The Oil-Free Turbomachinery research team at the NASA Glenn Research Center is conducting research to develop turbomachinery systems that utilize high-speed, high-temperature foil (air) bearings that do not require an oil lubrication system. Such systems combine the most advanced foil bearings from industry with NASA-developed high-temperature solid-lubricant technology. New applications are being pursued, such as Oil-Free turbochargers, auxiliary power units, and turbine propulsion systems for aircraft. An Oil-Free business jet engine, for example, would be simpler, lighter, more reliable, and less costly to purchase and maintain than current engines. Another application is NASAís Prometheus mission, where gas bearings will be required for the closed-cycle turbine-based power-conversion system of a nuclear power generator for deep space.
To support these applications, Glennís Oil-Free Turbomachinery research team developed the Ambient Pressure Test Rig. Using this facility, researchers can load and heat a bearing and evaluate its performance with reduced air pressure to simulate high-altitude conditions. For the nuclear application, the test chamber can be purged with gases such as helium to study foil gas bearing operation in working fluids other than air.
Ambient pressure Oil-Free bearing test rig illustration.
Long description of figure 1.
During testing, a variable-speed (30,000-rpm maximum) electric motor with an integral precision spindle bearing spins the test journal over which the test foil bearing runs (see the illustration). The test bearing is mounted in a bearing holder that is constrained from turning by a torque arm from which reactionary torque is measured. This is the most important measurement to determine the health and capability of the bearing because the torque from a healthy bearing running on a film of gas is very low, whereas an increase in torque is a sign of sliding frictional contact. Load is applied to the bearing by a bridle (see the inset in the following photograph) that is pulled by a cable that is routed to a pneumatic cylinder that can apply up to 100 lb. The test bearing can be heated up to 650 °C with two ceramic electric heaters in insulated half shells that form an enclosure around the bearing. Multiple sensors register the temperature and other rig health parameters during the test. All are displayed on a programmable logic controller touch-screen controller (top right of the photograph), and some are used to trip alarms or shutdowns. All these components can be sealed in by closing the cover. Air or any alternate gas can be selected, and a vacuum pump can remove most of the gas, down to 0.1 atm, which corresponds to a 53,000-ft altitude, or gas can be added for pressures up to 2.5 atm.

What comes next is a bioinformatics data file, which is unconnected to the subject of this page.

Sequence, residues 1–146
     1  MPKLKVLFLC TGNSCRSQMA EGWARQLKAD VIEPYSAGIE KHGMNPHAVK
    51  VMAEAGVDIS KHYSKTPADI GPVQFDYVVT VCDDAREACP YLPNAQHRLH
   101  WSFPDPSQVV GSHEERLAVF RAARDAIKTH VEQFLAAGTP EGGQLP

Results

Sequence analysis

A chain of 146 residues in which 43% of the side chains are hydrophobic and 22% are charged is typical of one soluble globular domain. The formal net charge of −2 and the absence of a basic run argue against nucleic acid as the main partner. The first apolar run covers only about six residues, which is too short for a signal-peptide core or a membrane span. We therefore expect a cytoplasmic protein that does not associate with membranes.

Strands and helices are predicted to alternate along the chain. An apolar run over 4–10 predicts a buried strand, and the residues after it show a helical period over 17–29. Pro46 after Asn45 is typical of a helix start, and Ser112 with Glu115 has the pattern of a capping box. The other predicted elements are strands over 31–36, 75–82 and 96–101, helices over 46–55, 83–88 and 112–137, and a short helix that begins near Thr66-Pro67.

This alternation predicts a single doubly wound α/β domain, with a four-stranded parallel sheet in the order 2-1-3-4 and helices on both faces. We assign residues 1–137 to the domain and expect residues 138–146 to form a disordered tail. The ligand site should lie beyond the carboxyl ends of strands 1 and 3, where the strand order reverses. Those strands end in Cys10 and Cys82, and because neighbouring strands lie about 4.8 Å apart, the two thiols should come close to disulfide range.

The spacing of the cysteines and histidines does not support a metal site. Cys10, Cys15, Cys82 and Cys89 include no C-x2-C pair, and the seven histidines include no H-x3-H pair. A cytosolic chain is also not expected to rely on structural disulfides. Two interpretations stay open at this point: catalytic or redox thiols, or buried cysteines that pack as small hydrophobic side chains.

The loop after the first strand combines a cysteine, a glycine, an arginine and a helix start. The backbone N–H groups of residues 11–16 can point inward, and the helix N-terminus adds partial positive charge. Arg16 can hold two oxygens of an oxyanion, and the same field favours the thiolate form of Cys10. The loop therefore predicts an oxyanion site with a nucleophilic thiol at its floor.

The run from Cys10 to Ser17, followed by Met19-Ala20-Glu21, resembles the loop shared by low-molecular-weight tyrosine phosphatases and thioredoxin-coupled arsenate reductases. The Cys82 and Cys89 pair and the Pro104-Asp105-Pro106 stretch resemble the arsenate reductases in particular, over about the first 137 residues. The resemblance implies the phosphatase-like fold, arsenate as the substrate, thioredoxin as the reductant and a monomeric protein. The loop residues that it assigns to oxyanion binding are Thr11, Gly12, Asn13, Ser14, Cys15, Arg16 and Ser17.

Ambient pressure test rig photograph in NASA Glenn's Engine Research Building.
As a direct result of data collected from this rig, small aircraft turbine engines may be revolutionized by using oil-free bearings that will forever eliminate the complication, weight, and expense of an oil lubrication system. Furthermore, data from alternate gas operation experiments are imperative for developing safe, compact, and efficient nuclear electrical generators vital for NASA to conduct deep-space exploration and have a manned presence on the Moon and Mars, as directed by the President.
Find out more about this research:
Oil-Free Turbomachinery researchers
Oil-Free Turbomachinery Program
Glenn contacts: Steven W. Bauman, 216-433-3826, Steven.W.Bauman@nasa.grc; and Dr. Christopher DellaCorte, 216-433-6056, Christopher.DellaCorteemail@example.com, Oil-Free Turbomachinery technical leader
Author: Steven W. Bauman
Headquarters program office: Space Science, Aeronautics Research
Programs/Projects: JIMO, UEET, Project Prometheus
Last updated: July 21, 2005 1:34 PM
For additional information, please contact Cynthia L. Dreibelbis at 216-433-2912 or firstname.lastname@example.org.
Responsible NASA Official: Kim Dalgleish-Miller, email@example.com